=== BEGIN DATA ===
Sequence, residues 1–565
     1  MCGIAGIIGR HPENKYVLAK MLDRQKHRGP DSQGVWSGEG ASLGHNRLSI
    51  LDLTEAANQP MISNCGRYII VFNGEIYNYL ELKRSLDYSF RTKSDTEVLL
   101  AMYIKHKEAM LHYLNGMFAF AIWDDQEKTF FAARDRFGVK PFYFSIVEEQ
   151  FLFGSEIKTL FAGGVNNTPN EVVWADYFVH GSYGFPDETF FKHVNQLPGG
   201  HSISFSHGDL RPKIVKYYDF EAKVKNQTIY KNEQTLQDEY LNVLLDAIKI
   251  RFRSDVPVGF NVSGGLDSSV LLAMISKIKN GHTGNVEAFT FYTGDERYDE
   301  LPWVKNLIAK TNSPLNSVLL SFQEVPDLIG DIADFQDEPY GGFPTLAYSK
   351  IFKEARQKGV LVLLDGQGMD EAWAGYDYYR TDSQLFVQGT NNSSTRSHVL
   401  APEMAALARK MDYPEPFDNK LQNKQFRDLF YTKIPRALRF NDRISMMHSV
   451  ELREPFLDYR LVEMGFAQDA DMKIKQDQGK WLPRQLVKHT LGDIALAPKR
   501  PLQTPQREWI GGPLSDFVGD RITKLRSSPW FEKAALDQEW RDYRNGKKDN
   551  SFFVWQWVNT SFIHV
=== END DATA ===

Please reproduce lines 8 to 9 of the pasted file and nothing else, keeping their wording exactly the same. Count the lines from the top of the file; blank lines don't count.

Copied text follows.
   301  LPWVKNLIAK TNSPLNSVLL SFQEVPDLIG DIADFQDEPY GGFPTLAYSK
   351  IFKEARQKGV LVLLDGQGMD EAWAGYDYYR TDSQLFVQGT NNSSTRSHVL